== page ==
As an added bonus, protein also requires the most energy to digest of all the macronutrients, which means your body has to burn more calories to break down protein than either fat or carbohydrates. This helps boost energy expenditure, further supporting weight loss.


#2 Eat High-Fiber / High-Volume Foods


Fiber is the indigestible part of plant foods. Highly processed foods (chips, cookies, packaged goods, etc.) are typically stripped of their fiber (and other beneficial micronutrients) during the manufacturing process.


Why is this important?


Well, fiber helps slow the rate of digestion, stretches the stomach, and promotes the release of satiety hormones.[3]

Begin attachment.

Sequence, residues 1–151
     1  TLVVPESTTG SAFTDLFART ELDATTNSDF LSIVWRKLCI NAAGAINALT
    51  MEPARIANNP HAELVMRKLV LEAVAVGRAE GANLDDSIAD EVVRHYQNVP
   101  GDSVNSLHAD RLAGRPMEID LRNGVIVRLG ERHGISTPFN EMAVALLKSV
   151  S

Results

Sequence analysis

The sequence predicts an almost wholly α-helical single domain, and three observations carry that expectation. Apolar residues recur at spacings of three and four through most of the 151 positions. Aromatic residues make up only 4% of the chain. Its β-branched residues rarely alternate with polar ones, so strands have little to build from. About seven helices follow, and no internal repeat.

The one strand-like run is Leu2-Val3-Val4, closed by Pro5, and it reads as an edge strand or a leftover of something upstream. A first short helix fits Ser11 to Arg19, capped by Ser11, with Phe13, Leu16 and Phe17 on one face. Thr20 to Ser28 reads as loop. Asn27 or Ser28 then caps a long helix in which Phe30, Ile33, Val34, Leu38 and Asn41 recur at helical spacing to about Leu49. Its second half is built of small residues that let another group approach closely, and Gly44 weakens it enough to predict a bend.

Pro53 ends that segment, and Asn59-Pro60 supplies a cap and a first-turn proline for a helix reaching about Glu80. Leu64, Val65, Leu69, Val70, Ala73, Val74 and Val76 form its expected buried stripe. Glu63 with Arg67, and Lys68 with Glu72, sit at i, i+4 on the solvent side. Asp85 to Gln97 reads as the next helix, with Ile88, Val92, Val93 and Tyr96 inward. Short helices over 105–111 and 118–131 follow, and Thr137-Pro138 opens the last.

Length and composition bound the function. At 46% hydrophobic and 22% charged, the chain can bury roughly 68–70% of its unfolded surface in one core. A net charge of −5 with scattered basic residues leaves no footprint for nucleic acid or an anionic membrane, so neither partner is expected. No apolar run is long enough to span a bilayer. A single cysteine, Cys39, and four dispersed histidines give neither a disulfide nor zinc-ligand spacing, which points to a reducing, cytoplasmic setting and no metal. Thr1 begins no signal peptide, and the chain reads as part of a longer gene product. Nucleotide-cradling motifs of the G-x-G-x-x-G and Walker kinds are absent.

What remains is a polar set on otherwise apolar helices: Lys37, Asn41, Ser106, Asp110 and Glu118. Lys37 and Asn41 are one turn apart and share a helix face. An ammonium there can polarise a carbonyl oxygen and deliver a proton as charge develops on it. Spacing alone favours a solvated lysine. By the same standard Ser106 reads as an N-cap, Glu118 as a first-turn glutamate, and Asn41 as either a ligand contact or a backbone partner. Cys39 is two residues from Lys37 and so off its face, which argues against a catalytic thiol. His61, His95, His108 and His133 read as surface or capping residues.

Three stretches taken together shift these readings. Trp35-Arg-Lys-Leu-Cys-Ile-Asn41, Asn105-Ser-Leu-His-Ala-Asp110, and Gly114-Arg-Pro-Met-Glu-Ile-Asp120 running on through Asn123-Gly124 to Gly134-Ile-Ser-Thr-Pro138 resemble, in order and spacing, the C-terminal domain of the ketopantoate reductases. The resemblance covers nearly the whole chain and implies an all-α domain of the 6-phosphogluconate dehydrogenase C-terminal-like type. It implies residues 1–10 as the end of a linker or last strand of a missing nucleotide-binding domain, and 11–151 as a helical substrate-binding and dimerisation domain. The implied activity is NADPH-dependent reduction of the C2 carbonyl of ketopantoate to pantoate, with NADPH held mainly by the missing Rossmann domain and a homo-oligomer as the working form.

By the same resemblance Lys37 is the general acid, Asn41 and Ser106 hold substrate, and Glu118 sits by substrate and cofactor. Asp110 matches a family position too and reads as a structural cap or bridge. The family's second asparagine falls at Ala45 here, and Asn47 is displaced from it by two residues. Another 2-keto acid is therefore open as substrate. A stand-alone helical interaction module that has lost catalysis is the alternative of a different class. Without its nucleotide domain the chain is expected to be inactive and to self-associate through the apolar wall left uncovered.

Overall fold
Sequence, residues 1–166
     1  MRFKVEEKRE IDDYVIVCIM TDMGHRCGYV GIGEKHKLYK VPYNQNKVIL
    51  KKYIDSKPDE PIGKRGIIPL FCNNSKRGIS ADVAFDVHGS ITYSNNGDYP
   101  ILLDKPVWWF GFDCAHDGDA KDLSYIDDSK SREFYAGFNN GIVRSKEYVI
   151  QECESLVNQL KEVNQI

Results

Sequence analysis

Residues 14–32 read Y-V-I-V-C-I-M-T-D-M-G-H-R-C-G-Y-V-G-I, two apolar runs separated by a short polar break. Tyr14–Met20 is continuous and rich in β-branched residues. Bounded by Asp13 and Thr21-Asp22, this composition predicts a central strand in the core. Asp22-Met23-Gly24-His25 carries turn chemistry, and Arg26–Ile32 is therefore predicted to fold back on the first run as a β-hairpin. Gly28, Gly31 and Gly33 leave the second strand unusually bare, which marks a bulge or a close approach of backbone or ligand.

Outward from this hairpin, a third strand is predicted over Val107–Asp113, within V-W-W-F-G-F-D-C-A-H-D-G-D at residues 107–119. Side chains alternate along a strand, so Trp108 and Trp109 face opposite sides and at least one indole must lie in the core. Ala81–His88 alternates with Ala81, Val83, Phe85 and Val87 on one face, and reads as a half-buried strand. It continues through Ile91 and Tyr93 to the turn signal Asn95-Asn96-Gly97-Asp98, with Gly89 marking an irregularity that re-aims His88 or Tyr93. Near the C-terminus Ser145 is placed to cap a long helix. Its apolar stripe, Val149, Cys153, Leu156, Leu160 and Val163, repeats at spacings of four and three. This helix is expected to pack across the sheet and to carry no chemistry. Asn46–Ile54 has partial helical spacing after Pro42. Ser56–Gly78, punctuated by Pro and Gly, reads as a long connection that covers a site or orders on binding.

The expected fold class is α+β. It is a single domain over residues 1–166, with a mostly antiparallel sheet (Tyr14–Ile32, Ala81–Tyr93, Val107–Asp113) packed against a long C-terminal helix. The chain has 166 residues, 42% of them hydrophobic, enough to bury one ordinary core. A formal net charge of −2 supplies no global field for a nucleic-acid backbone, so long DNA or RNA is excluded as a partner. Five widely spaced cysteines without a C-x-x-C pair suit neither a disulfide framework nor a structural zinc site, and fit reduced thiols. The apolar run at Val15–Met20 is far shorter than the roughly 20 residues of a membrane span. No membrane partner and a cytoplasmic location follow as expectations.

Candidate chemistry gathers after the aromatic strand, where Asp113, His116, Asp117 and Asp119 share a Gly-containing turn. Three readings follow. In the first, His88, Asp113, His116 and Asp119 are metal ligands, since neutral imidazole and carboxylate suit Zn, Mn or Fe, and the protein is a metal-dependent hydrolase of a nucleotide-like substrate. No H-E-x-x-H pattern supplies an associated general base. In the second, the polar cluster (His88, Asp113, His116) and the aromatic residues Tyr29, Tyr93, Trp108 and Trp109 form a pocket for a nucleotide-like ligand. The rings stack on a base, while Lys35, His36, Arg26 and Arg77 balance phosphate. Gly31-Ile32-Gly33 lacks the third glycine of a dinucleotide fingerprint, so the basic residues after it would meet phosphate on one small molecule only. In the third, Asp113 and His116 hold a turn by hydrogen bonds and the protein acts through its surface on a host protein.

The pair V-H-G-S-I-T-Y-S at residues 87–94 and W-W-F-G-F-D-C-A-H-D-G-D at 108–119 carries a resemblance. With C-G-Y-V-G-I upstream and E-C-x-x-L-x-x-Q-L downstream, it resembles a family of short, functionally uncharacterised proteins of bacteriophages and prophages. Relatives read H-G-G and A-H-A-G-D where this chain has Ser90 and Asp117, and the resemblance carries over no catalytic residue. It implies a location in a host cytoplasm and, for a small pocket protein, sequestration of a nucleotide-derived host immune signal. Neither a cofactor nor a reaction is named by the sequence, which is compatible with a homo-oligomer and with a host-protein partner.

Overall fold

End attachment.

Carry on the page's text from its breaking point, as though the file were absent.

In fact, a 2014 systematic review found that increasing the amount of fiber-rich foods in the diet can improve feelings of fullness by 31%.[4]


Other research indicates that consuming an extra 14 grams of fiber each day may reduce calorie intake by up to 10%.[5]


Fiber also acts as “food” for our gut bacteria which plays an important role in hunger/satiety signaling as well as immune function and mood.


Plus, fiber-containing foods are also typically packed with health-supporting nutrients like vitamins, minerals, and antioxidants.


Fiber-rich foods (fruits, veggies, whole grains, legumes) tend to be lower in calories compared to foods low in fiber.


Some of our favorite high-volume, high-fiber, low-calorie foods are:

  • Dark leafy greens
  • Broccoli
  • Cauliflower
  • Brussels sprouts
  • Carrots
  • Green Beans
  • Strawberries
  • Blueberries
  • Cucumbers
  • Celery


#3 Stay Active


Boredom is one of the main reasons people tend to graze or mindlessly snack during the day.